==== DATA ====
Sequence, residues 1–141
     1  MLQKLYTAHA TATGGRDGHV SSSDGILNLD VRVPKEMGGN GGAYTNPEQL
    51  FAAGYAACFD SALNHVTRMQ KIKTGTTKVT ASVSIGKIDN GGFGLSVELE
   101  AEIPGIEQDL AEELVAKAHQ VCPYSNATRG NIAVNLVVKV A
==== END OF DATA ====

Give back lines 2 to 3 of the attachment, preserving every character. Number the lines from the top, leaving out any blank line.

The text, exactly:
     1  MLQKLYTAHA TATGGRDGHV SSSDGILNLD VRVPKEMGGN GGAYTNPEQL
    51  FAAGYAACFD SALNHVTRMQ KIKTGTTKVT ASVSIGKIDN GGFGLSVELE